After a quick stop at Australia’s most famous landmark, Uluru, we head to Alice Springs in search of 87-year-old Molly Clark. This was an interesting turn in our travels, as we had all thought that at this point on our trip we would be spending more time sightseeing than running around in a town chasing a story. But, there we were …
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Amongst other things, Molly was the founder of Alice Springs’ National Pioneer Women’s Hall of Fame, and this was the starting point in our search for the outback legend. In the often male-dominated outback it was important for Molly that women’s achievements were also recognised. And today, the Hall of Fame features more than 40 women from all walks of life.
Molly has spent most of her life at Old Andado station, an old cattle ranch 350 km south east of Alice Springs, on the edge of the Simpson Desert. During the last 30 years she was there, she lived by herself. When Molly’s declining health forced her to move to Alice Springs in 2006, she decided to still keep the old place open to travellers. She only asks a small donation from visitors – and that they visit the Pioneer Women’s Hall of Fame if they pass through Alice Springs. The place is kept intact by these donations and by working bees and a big annual outback party fittingly called ‘Molly’s Bash’.
In our conversation with Molly, it became apparent that the old phrase ‘home is where your heart is’, applies well to her situation. Molly’s heart is surely still at Old Andado. Were it up to her, she would still be living out there. But her family insisted it was time to move closer to modern conveniences and in the end, Molly complied.
Check out an image gallery from along the road in episode 4 here.
Part of the impetus for our trip was to explore the notion of community outside of the metropolitan areas of Australia. When we heard about Molly, I got very curious about her story, and about life on a geographically isolated homestead as a contrast to urban city life. What keeps people wanting to live in places where you have to drive for hours to see your nearest neighbour? Where you rarely have face-to-face contact with anyone
Much has been written about Molly. She is featured in at least three books and there have been a number of stories about her in the media. Still, I was very fascinated by this old lady, and felt privileged to be able to chat with someone whose background was so very different from my own. Judging by Molly’s replies, the distance between metropolitan and outback Australia is not only based on geography. Molly has few good things to say about city life. ‘It’s artificial’, she says. At the same time she’s not interested in glamorising life in the bush, because it’s ‘damned hard’. But it’s life. It’s her life, their life. It’s real life. Real, in the sense that you have to learn how to live it according to the environment you’re in, and having to learn how to survive in it. Life is a challenge, and challenge is what makes life a real life.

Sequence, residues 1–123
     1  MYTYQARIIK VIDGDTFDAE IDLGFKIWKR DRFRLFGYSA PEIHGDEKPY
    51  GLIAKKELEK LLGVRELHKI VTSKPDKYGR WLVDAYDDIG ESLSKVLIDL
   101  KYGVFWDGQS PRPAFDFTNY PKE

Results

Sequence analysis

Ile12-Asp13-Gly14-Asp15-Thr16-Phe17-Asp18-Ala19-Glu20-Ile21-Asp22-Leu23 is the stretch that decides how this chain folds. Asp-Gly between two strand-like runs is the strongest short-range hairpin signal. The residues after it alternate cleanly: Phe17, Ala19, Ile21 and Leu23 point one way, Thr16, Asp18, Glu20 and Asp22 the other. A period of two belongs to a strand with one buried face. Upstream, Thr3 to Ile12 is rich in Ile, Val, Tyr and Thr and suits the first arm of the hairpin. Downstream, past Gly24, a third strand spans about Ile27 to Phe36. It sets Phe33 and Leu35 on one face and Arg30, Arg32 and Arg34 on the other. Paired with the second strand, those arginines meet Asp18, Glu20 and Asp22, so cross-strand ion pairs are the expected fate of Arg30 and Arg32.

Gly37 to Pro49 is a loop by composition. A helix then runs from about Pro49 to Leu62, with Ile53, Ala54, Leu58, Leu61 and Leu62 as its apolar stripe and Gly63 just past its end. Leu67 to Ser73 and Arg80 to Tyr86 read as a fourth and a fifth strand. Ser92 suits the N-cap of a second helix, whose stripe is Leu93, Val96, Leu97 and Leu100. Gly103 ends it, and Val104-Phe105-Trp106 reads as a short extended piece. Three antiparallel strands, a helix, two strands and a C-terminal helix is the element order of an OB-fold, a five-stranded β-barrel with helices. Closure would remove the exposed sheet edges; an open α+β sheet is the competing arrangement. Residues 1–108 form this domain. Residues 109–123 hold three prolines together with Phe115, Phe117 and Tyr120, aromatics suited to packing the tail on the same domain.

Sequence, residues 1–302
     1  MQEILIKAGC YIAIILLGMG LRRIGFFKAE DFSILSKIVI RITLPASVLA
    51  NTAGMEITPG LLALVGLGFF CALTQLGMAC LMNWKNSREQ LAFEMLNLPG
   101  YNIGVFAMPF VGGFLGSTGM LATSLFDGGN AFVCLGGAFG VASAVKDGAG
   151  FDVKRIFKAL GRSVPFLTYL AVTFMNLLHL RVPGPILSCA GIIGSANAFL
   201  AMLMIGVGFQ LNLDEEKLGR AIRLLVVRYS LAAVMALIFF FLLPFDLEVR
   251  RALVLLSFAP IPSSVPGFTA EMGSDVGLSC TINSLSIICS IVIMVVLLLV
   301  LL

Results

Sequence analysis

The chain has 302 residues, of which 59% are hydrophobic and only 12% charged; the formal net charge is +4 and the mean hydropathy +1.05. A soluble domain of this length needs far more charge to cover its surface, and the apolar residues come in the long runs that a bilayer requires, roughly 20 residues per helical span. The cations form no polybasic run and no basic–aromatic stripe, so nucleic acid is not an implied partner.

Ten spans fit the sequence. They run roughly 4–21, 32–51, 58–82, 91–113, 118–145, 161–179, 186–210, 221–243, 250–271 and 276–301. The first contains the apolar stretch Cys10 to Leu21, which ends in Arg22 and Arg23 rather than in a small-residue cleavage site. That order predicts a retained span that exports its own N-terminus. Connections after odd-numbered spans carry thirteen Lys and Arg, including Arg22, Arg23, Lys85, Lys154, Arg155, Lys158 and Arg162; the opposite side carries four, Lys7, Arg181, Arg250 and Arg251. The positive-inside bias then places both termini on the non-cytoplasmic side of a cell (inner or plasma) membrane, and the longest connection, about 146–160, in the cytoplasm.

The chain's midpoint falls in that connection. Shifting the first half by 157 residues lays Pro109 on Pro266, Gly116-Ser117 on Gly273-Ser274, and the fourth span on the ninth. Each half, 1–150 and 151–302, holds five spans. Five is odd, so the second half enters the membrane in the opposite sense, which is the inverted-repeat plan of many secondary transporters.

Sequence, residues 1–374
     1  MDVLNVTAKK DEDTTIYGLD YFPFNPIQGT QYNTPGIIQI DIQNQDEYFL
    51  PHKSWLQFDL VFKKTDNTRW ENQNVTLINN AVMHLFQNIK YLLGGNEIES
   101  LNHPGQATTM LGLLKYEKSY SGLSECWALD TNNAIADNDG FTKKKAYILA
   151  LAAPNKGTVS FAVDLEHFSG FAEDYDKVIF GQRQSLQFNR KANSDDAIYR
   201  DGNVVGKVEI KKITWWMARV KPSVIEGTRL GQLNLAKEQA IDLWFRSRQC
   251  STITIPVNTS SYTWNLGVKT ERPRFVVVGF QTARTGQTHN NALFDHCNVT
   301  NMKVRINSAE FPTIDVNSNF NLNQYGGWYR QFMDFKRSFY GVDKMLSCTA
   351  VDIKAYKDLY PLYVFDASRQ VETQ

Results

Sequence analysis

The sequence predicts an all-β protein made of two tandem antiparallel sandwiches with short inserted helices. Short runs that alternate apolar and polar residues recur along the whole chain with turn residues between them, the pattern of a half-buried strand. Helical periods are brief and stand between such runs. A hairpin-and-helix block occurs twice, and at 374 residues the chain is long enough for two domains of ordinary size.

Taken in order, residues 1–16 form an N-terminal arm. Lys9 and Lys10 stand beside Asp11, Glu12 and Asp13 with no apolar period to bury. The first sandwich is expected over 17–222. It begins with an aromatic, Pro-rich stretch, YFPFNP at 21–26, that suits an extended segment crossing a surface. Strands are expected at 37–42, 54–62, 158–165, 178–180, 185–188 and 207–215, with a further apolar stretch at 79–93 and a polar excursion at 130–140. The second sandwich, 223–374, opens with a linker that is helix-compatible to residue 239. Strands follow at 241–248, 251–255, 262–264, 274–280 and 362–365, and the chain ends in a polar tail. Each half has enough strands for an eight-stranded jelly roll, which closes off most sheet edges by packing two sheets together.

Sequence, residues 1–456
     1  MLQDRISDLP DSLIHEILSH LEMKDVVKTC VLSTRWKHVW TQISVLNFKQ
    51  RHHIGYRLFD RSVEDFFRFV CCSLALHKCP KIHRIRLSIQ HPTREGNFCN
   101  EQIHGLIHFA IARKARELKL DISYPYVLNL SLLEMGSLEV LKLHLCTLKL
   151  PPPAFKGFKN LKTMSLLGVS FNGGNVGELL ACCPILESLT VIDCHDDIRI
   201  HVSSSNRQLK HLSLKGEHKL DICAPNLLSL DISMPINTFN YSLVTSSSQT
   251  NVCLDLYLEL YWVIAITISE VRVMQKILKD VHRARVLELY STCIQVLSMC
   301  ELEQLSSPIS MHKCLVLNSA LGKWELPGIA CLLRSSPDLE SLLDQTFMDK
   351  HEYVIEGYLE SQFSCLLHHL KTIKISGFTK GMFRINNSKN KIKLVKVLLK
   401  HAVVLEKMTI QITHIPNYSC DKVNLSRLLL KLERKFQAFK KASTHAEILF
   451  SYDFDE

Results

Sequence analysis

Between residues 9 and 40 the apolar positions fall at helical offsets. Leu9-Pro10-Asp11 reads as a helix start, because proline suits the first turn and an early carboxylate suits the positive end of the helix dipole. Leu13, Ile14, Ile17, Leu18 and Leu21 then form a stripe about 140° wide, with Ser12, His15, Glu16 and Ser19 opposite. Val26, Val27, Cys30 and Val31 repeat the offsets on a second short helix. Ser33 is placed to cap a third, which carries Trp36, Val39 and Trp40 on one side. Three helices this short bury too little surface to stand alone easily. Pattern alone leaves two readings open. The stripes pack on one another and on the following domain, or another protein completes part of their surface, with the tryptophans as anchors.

It’s that hardship that fuels the Australian national image to a great extent – at least that’s how it appears to me (I touched on this in a previous blog post). It’s that proud notion that men and women have overcome it, and are living the unliveable. But, of course, it’s only really a tiny percentage of the population who are living and creating this myth for the rest of society, who hear their stories and make them their own.
I have plenty of friends in Melbourne who regularly reflect on the harshness of the country they live in, but have never experienced the outback first hand. And, they’ve often told me quite frankly that they have absolutely no interest in going there either. But, no doubt the land itself – or at least the idea of it – was instrumental in shaping their character!
One friend remarked before we departed Melbourne: ‘Why the hell do you wanna drive through the desert? There’s just nothing-towns with nothing in between them. Nothing ever changes. It’s gonna be hot and miserable. I’d never go out there!’ This underscored with that peculiar sense of pride that he’s living in one of the harshest countries in the world.
I’m not going to dwell any longer on the notion of who and what made me and you, but isn’t it funny how, in the end, we are all products of our imagination?
Steinar Ellingsen is a Norwegian journalist and photographer, and a full-time lecturer at La Trobe University. He’s currently making a documentary webseries chronicling a ten-week odyssey in Australia, as part of a practice-based PhD at La Trobe University.
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